Championing financial wisdom: CAF boss's call to to African stars

CAF President Patrice Motsepe is leading a charge to revolutionize football finances in Africa and ensure fair compensation for players, aiming to stem the tide of talent leaving for greener pastures in Europe and Asia. 


Under his stewardship, CAF's financial health has seen a marked improvement, buoyed by enhanced sponsorship agreements and strategic partnerships. Concurrently, existing inter-club competitions are undergoing reforms to enhance their appeal and profitability.

Last year saw the launch of the African Super League, promising substantial prize money surpassing that of Africa's current Champions League. Notably, Cote d’Ivoire secured $7 million for clinching the recent AFCON title, reflecting a 40% increase in prize money, while Ghana earned $700,000 despite an early exit.

Motsepe, a South African billionaire and founder of Mamelodi Sundowns, is deeply concerned about the financial well-being of African players post-retirement. He stresses the importance of prudent financial management, drawing from his experience overseeing Sundowns. 

His recent remarks in Angola about the prevalence of lavish spending among players during their careers, often at the expense of long-term financial security, highlight the urgent need for sports stars to be money-wise in managing their finances and investments at the peak of their careers.

His own experiences, particularly with Mamelodi Sundowns, have illuminated the precarious financial paths many athletes tread. Lavish lifestyles, characterised by luxury cars, extravagant homes, and opulent indulgences, often overshadow prudent financial planning.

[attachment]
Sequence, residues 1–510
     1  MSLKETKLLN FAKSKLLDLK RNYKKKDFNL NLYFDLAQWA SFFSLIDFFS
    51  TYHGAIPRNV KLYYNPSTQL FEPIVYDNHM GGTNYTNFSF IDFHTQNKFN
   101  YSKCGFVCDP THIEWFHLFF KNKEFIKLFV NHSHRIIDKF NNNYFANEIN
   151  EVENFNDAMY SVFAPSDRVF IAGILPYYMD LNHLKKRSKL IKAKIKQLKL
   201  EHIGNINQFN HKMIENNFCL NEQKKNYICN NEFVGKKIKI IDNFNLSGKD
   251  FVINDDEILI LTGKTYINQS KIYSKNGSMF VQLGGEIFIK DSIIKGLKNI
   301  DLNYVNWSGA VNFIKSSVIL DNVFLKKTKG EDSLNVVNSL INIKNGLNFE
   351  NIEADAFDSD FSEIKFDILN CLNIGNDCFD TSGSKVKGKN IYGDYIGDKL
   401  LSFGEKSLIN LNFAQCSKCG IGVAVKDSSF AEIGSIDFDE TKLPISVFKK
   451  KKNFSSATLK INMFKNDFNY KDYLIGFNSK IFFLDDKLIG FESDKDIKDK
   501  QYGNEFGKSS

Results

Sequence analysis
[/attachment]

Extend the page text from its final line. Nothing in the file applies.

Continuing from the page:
While the allure of wealth during active careers is undeniable, the stark reality of post-retirement struggles looms ominously for those who fail to invest wisely.

“When I was president of Mamelodi Sundowns, I went to see the players train and I would see very expensive Mercedes, BMWs, even Ferraris,” said Motsepe at a recent press conference in Angola.

“It is fine to buy these wonderful things as long as you (also) take your money and invest it in the days when you don’t play," he said.

Tragic tales of once high-earning athletes facing financial ruin post-retirement serve as cautionary tales. From living in the fast lane to grappling with financial insecurity, the transition from sports stardom to financial stability remains a daunting challenge for many African athletes. 

Despite earning staggering salaries, mismanagement and overspending have left some former stars destitute, highlighting the imperative for financial prudence.
Sadly, some notable Ghanaian stars, lived in the fast lane – literally – at the peak of their careers but later fell on hard times after retirement.

The CAF president put on the front burner a matter of importance and the need for clubs and other sports bodies to guide and counsel athletes on lifestyle choices, particularly investment advice and management.

Today's elite athletes, such as Ghana's Thomas Partey, reportedly earn £200,000 a week before tax at English Premiership side Arsenal. It would sound unthinkable that such a rich athlete could one day fall on hard times.